Eurovision entries written in English aren’t the deepest pieces of literature in the world. That’s probably a reason why “It’s My Time” (UK 2009) was completed in 2 hours and “Not Alone” (Armenia 2014) in 12 minutes. Then again, the lyrics just have to be catchy and (in most cases) be somewhat coherent. All the composer(s) and lyricist(s) need to do is write a basic cliché love song and add a schlager-friendly tune. After they do that, they just have to dish the song onto a blue plate and add a few handfuls of grated cheese on top. Once they’re done, most of the (non-lactose intolerant) audience should buy it up.
But once in a while there’s a problem with the lyrics not matching up. There are 2 syllables missing here, 5 syllables there. That word doesn’t rhyme with the word it’s supposed to rhyme with. Then it’s time to pull out their handy thesaurus and try to shove in words that fit in the song. As a result, the 2005 Greek entry was born.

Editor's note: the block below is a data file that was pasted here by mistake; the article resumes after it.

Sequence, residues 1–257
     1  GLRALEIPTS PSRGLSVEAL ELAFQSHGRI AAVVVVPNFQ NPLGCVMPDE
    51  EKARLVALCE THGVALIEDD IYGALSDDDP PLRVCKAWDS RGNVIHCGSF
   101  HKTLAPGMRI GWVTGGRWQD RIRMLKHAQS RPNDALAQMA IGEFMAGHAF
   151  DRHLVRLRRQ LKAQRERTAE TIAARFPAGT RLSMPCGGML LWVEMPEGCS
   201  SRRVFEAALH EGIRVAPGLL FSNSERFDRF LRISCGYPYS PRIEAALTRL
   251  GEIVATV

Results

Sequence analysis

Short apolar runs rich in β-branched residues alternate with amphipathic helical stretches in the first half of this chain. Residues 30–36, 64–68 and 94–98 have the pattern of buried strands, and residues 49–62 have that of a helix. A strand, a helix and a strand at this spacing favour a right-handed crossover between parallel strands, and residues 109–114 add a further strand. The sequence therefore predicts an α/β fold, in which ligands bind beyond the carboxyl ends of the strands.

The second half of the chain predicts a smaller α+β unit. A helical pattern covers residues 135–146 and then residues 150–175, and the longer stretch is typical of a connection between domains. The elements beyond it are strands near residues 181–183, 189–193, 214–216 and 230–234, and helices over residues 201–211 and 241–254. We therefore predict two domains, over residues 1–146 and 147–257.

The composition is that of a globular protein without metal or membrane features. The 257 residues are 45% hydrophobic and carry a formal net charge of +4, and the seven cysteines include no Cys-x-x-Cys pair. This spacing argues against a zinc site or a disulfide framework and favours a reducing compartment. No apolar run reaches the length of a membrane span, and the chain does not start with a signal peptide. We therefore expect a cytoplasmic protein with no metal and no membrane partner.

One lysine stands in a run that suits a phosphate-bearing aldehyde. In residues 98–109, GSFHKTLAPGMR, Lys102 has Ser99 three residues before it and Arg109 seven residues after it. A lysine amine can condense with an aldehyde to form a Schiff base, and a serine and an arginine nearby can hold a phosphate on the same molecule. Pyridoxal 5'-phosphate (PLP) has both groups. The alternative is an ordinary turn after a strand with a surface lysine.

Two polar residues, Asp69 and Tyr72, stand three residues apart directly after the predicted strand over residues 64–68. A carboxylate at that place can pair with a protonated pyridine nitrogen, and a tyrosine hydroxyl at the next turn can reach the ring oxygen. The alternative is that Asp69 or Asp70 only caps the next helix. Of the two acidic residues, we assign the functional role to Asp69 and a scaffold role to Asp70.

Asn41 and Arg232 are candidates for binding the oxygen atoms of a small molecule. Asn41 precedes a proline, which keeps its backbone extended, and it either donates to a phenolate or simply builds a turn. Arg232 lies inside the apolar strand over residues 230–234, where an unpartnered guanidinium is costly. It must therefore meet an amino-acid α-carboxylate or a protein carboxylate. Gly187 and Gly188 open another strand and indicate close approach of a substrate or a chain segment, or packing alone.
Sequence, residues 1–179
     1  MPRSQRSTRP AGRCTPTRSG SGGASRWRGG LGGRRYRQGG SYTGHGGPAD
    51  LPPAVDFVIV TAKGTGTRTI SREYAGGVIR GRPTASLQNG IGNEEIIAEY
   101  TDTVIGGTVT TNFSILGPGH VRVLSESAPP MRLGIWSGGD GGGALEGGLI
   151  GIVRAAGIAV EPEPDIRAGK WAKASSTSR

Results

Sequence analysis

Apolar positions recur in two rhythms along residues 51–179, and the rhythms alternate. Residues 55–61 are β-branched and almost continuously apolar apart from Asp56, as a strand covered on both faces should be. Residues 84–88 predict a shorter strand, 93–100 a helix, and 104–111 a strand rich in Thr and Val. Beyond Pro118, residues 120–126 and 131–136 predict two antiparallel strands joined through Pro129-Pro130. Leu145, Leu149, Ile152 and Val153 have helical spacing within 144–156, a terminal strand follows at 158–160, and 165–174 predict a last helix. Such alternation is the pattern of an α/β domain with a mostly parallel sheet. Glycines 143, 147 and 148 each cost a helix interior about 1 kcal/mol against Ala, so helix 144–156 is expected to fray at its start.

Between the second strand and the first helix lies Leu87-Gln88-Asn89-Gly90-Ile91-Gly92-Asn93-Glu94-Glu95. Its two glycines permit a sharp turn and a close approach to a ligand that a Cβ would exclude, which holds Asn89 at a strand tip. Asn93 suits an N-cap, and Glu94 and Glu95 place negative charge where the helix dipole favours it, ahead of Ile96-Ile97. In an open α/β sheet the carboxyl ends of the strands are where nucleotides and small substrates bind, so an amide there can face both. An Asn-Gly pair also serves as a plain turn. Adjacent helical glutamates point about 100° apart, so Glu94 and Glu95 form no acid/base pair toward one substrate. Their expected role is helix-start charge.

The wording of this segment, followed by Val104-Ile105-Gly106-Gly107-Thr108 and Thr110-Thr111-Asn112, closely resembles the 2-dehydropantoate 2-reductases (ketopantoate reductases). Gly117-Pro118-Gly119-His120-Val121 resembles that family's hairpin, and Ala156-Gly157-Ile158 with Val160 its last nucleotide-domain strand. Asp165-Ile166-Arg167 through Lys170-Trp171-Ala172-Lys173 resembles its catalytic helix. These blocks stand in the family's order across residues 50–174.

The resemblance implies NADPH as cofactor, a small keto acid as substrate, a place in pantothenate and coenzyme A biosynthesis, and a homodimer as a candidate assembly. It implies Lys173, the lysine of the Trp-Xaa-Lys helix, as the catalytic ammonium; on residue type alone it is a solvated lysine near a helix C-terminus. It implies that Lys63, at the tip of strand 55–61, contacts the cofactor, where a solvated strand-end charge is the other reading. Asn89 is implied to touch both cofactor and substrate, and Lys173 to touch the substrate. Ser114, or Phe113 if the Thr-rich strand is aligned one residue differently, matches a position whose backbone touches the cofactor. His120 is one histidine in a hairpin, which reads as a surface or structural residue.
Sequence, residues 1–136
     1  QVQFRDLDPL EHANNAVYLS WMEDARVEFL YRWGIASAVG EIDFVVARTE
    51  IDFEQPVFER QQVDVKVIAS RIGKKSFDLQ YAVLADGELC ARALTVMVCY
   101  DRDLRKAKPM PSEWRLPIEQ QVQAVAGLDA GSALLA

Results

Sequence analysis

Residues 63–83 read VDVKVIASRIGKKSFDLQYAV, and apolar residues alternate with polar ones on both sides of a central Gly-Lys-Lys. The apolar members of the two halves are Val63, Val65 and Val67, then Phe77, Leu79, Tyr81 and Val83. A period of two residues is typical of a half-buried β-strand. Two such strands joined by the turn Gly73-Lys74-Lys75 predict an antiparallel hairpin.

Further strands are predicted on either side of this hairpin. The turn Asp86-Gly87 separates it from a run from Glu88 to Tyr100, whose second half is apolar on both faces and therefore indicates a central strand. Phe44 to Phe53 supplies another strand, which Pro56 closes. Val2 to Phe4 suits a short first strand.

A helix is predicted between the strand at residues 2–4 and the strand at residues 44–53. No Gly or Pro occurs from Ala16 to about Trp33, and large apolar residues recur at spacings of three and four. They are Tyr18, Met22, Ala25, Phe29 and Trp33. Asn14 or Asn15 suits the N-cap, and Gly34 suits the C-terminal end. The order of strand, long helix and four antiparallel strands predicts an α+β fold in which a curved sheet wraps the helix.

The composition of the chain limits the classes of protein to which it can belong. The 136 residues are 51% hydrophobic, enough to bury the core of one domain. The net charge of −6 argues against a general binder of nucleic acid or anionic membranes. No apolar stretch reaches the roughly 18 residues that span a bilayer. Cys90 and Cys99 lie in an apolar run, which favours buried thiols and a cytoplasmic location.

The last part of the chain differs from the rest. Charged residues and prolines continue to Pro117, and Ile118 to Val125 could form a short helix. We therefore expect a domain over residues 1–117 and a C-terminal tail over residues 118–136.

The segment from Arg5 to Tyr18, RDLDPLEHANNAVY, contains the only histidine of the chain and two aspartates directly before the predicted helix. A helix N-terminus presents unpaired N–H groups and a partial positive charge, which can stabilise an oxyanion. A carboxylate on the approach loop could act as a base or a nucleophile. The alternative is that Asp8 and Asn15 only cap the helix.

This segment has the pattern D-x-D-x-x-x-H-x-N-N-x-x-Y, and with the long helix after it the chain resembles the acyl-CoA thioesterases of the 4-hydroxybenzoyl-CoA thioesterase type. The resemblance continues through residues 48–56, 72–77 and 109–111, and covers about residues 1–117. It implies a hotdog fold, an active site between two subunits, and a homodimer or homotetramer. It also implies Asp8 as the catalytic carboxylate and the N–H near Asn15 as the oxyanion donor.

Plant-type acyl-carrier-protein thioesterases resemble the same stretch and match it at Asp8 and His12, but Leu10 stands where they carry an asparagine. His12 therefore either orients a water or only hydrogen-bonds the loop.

Capricious, addiction, conviction, crucifixion, vicious? Whose idea was it to reach for their high school kid’s SAT or TOEFL study guide and look up words that most people don’t use in everyday conversation unless they host spelling bees? Yes, I get that the words fit the song in syllable count, but did they really have to use them? Or was it just showing off to the rest of Europe that they know how expansive their vocabulary is?
I think I’ll have the chicken salad please…